Tanzania’s implied rating was steady at BBB-/Baa3/BBB- after rising a notch last quarter.  However, it is not rated by the major agencies.   Algeria’s implied rating was steady at BBB-/Baa3/BBB- after rising a notch last quarter but it too remains unrated by the agencies.

Uganda’s implied rating was steady at BB/Ba2/BB after rising a notch last quarter.  This still suggests ongoing upgrade potential to actual ratings of B/B2/B+.  Zambia’s implied rating was steady at BB/Ba2/BB after rising two notches last year, keeping it well above actual ratings of B/B3/B.  Cote d’Ivoire’s implied rating was steady at BB+/Ba1/BB+ after falling several notches over the course of last year, but we still see upgrade potential for actual ratings of Ba3/B+.

Mauritius’ implied rating was steady at BBB/Baa2/BBB after falling a notch last quarter.  This suggests ongoing downgrade risks to Moody’s sole rating of Baa1.  Namibia’s implied rating was steady at BB/Ba2/BB, but still suggests ongoing downgrade risks for actual ratings of Ba1/BB+.  Kenya’s implied rating was steady at B+/B1/B+, which puts it right at actual ratings.

There was only one country that saw its implied rating fall this quarter.  Tunisia’s implied rating fell a notch to B/B2/B, which moves it slightly below actual ratings of B1/B+.  

Latin America and Caribbean

Most countries in this region saw steady implied ratings.  However, a quarter saw their implied ratings fall. Argentina’s implied rating was steady at B+/B1/B+ after rising a notch last quarter.  This still suggests some upgrade potential for actual ratings of B+/B3/B, as Macri’s reform program bears fruit.

Jamaica’s implied rating was steady at BB/Ba2/BB.  This still suggests some upgrade potential for actual ratings of B/B3/B.   El Salvador’s implied rating was steady at BB/Ba2/BB.  Guatemala’s implied rating was steady at BBB/Baa2/BBB, but still sees some upgrade potential to actual ratings of BB-/Ba1/BB.

The Dominican Republic’s implied rating was steady at BB+/Ba1/BB+ after falling a notch last quarter.  This still suggests some upgrade potential to actual ratings of BB-/Ba3/BB-.   Trinidad & Tobago’s implied rating was steady at BB+/Ba1/BB+ after falling a notch last quarter.  This suggests ongoing downgrade risks to S&P’s BBB+ rating.  Moody’s Ba1 rating is on target, however.

Costa Rica’s implied rating fell a notch to BBB-/Baa3/BBB-.  However, it remains above actual ratings of BB-/Ba2/BB.  Bolivia’s implied rating fell a notch to BB/Ba2/BB, which moves it closer to actual ratings of BB/Ba3/BB-.  

Eastern Europe

Most countries in this region saw steady implied ratings.  Ukraine bucked the trend as its implied rating improved a notch for the second straight quarter, from CCC- to CCC.  This is still largely below actual ratings of B-/Caa2/B-, however.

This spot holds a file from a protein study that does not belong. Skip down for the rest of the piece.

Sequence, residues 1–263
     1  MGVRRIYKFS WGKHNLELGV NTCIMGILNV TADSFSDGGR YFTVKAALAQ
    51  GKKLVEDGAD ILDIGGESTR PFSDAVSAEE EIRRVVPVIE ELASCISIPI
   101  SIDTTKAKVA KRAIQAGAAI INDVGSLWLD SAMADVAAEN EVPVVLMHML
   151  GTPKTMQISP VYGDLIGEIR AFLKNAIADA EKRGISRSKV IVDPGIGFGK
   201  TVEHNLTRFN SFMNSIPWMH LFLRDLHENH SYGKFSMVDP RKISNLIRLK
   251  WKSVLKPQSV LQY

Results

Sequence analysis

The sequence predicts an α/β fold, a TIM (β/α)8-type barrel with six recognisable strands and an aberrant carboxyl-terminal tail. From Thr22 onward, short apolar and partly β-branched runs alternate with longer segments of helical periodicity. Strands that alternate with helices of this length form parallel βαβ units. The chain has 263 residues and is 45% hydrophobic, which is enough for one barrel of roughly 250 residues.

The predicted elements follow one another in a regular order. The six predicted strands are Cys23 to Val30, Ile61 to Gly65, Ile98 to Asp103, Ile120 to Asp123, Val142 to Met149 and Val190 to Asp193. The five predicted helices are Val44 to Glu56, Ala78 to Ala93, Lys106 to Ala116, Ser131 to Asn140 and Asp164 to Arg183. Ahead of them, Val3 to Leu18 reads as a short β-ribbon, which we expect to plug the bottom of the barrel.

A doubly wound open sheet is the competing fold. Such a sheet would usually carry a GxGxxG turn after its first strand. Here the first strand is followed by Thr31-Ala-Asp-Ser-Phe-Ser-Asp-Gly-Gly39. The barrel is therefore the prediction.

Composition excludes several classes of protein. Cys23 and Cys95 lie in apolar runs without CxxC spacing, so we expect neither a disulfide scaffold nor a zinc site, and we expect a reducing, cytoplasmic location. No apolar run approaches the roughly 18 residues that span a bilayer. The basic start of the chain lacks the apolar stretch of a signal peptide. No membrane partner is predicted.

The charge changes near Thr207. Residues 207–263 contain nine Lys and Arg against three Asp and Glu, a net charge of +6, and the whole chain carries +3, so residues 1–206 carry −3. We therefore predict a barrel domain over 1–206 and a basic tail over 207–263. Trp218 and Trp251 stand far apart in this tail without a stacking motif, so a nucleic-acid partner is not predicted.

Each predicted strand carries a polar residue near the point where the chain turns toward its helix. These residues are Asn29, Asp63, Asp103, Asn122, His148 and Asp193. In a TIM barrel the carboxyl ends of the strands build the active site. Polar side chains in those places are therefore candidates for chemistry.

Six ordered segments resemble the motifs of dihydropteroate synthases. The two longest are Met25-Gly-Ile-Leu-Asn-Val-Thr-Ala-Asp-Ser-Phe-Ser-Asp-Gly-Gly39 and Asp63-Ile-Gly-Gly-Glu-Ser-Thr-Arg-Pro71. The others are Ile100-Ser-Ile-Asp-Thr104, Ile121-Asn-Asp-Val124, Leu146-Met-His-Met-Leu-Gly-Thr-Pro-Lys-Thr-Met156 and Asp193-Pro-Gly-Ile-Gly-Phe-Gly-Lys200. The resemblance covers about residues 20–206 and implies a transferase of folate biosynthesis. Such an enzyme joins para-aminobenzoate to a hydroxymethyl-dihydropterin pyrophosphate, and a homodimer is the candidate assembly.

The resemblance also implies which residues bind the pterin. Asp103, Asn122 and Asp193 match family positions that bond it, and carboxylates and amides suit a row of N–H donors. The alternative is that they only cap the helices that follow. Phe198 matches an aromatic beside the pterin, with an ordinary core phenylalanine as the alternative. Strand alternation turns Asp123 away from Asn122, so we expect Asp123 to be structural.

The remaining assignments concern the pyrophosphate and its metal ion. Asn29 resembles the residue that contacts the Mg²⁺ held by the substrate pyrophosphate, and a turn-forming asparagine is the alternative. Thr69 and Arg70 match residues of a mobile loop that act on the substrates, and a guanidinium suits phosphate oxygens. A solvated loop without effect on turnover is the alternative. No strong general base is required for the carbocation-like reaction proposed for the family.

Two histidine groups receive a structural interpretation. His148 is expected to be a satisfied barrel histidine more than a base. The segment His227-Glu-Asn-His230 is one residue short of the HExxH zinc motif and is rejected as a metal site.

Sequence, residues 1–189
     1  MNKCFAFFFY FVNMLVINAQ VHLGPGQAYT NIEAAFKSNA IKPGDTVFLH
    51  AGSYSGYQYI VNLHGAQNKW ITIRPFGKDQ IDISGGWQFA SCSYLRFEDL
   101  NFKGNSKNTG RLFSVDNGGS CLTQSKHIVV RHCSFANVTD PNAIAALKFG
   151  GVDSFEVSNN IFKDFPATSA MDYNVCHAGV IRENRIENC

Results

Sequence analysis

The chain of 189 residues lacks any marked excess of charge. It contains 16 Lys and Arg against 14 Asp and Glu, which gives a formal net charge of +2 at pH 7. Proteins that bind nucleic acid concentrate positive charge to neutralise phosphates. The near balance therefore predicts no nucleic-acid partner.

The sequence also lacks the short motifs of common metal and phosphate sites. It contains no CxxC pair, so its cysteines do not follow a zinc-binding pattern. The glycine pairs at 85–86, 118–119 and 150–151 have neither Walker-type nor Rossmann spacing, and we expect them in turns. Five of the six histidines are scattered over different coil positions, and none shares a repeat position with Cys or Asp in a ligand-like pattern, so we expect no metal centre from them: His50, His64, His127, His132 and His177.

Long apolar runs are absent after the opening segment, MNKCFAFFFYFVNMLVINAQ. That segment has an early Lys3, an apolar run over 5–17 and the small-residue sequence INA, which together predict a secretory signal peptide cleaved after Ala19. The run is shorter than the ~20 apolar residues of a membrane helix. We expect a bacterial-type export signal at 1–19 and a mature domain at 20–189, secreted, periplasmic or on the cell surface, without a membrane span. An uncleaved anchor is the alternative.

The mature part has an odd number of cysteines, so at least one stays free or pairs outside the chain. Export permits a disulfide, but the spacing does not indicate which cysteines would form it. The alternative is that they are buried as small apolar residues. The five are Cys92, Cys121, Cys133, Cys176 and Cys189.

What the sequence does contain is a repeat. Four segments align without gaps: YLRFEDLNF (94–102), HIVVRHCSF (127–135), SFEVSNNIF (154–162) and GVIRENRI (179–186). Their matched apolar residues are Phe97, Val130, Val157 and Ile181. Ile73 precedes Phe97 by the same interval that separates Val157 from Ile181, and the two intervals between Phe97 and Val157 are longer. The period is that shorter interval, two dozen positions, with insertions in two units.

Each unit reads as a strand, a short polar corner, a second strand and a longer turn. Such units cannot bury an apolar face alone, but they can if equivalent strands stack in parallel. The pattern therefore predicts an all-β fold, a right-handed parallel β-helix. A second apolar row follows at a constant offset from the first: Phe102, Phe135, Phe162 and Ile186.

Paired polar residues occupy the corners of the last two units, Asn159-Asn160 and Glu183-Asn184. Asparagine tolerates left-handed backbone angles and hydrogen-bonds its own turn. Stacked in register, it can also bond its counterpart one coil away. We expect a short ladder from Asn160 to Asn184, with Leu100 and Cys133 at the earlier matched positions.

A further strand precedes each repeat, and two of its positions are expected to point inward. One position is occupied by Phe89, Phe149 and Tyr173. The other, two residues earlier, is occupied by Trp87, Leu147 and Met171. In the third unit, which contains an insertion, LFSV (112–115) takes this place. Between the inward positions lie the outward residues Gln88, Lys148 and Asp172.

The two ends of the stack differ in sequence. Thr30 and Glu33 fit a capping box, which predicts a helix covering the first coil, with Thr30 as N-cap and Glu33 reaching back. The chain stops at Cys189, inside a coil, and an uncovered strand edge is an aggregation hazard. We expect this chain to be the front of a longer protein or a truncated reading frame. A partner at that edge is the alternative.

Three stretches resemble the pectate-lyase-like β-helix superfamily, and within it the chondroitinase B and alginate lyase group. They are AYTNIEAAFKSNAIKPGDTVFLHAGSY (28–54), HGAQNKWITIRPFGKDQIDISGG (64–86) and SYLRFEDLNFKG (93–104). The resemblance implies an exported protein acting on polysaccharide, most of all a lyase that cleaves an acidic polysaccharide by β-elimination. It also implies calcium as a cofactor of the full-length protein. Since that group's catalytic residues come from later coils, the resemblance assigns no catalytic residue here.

Serbia’s implied rating remained steady at BB+/Ba1/BB+.  This still suggests some upgrade potential for actual ratings of BB-/Ba3/BB-.  Bulgaria’s implied rating was steady at BBB+/Baa1/BBB+ after rising a notch last quarter.  This suggests ongoing upgrade potential for actual ratings of BBB-/Baa2/BBB.  Croatia’s implied rating was steady at BBB-/Baa3/BBB- after improving a notch last quarter, which shows ongoing upgrade potential to actual ratings of BB/Ba2/BB+.  Kazakhstan’s implied rating was steady at BB-/Ba3/BB- after falling a notch last quarter.  There are ongoing downgrade risks to actual ratings of BBB-/Baa3/BBB.

Romania’s implied rating fell a notch to BBB-/Baa3/BBB-, resuming the fall after remaining steady last quarter.  We no longer see upgrade potential to actual ratings of BBB-/Baa3/BBB-.   

Middle East

Most countries in this region saw steady implied ratings, as higher oil prices help the exporting countries in this region stabilize.  Indeed, Saudi Arabia’s implied rating was steady at A-/A3/A-.  This keeps it close to actual ratings of A-/A1/A+.

Jordan’s implied rating was steady at BB-/Ba3/BB- after falling a notch last quarter, and suggests some upgrade potential for actual ratings of B+/B1/NR.  Lebanon’s implied rating was steady at CCC/Caa2/CCC, which still suggests strong downgrade risks to actual ratings of B-/B3/B-.  Bahrain’s implied rating was steady at B/B2/B after falling a notch last quarter.  However, it is still facing strong downgrade risks to actual ratings of B+/B1/BB+.

Oman’s implied rating fell a notch to BBB/Baa2/BBB.  This moves it closer to actual ratings of BB/Baa2/BBB-, though it’s clear that the agencies are split.  Kuwait’s implied rating fell a notch to BBB+/Baa1/BBB+.  This moves it further below actual ratings of AA/Aa2/AA.

CONCLUSIONS

It is clear that fundamentals are still worsening for some countries across the Frontier Markets universe.  Much of this was driven by slow global growth and low commodity prices.  These trends have already started to reverse, however, and so we expect to see an improving sovereign credit story as we move through 2018.  We believe that our model will help to identify the potential winners and the losers within this divergence theme.